Read Persepolis. Thinking a lot about how delicate freedom is. The truth is that tyrannical attitudes are all around us. Fundamentally liberal and generous people are very rare. Out of all the people I know, the most naive is one who believes that his own very particular religious sect is completely liberal, generous, and has a spirituality like his that can be found in no other person anywhere else. I don’t know how to break it to him that if he and I are communicating well, maybe better than anyone else he knows, that he doesn’t really know what on earth he’s believing in.
It would be easy to make the argument that most people are just tyrants who disguise it. It’s not that simple. My naive friend’s problem is only a more exaggerated version of our own thinking. Everything seems great with the people we’re around. They can be trusted, right? Things are going well and they must really believe our shared freedoms are good. Of course not – they may not have the desire to make everyone else slaves, but if they think they know how to live life better than everyone else, they’re already one step away from imposing on others. The process by which one evaluates other contentions about what is good and puts forth evidence for his own seems to us obnoxious. Sometimes, it is. But it’s also key to showing respect to others and their situations and establishing a serious but fallible plan of action for oneself. That we don’t like to reason publicly shows we’re scared of having our values critiqued at all. We reserve the right to be right.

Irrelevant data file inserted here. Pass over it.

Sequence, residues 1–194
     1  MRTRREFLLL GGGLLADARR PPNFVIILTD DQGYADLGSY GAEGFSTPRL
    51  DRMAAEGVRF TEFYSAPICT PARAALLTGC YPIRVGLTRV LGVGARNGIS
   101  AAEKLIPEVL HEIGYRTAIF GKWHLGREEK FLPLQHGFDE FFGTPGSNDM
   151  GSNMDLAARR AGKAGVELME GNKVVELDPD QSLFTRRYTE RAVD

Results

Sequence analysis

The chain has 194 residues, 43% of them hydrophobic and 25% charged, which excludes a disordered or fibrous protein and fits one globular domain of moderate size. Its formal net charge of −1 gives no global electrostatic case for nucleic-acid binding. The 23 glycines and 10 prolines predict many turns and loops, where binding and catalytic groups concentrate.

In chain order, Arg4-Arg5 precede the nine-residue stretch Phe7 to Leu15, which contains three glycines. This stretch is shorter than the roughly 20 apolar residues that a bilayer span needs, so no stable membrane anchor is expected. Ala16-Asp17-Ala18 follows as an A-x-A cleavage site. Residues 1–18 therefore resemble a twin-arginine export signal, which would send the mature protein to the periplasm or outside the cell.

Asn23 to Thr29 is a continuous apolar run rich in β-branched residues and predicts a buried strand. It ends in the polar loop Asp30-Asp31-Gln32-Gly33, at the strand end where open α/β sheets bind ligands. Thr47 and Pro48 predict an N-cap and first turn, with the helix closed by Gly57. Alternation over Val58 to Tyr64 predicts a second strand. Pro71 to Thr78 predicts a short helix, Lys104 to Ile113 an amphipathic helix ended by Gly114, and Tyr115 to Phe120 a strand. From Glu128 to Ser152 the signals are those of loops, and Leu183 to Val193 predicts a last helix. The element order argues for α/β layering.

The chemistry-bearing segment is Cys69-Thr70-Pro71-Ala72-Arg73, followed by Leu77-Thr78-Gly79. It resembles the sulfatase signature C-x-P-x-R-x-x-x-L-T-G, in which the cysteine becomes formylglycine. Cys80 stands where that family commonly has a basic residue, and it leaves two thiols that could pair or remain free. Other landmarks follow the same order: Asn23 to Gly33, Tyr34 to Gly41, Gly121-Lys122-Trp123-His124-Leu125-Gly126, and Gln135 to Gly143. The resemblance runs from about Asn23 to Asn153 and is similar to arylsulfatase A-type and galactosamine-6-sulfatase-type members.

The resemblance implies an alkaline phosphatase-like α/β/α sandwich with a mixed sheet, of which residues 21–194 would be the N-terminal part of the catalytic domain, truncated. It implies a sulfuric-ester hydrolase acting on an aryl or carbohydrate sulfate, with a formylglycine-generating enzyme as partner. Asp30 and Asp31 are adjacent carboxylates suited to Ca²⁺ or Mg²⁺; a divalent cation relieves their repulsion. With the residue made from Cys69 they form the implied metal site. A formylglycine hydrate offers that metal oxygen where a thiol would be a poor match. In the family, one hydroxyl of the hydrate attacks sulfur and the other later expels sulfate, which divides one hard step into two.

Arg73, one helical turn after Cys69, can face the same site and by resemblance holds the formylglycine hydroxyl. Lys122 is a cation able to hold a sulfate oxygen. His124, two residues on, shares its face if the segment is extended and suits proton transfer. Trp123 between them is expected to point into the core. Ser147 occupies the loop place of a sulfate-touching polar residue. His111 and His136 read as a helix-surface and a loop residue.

There are also those who just hate and are criminals and do resent the freedom of others. It’s important to note them because of an additional consideration. Is liberality or generosity the greatest good? For Aristotle, it wasn’t even the highest virtue: it pretty much was giving to others privately. Compared to things like justice and prudence, it has a lower status. One can be just or prudent and not really care at all about another’s freedom. We have to be allowed to think about the best way to live life and at times we do have to impose on others. We might actually be right about what is just, for example. Still: in a way, generosity is foundational: without it, no other virtues, no politics. One might be able to say that politics proper is learning to share and give. Tyranny is not only immoderate, but non-stop self-aggrandizement.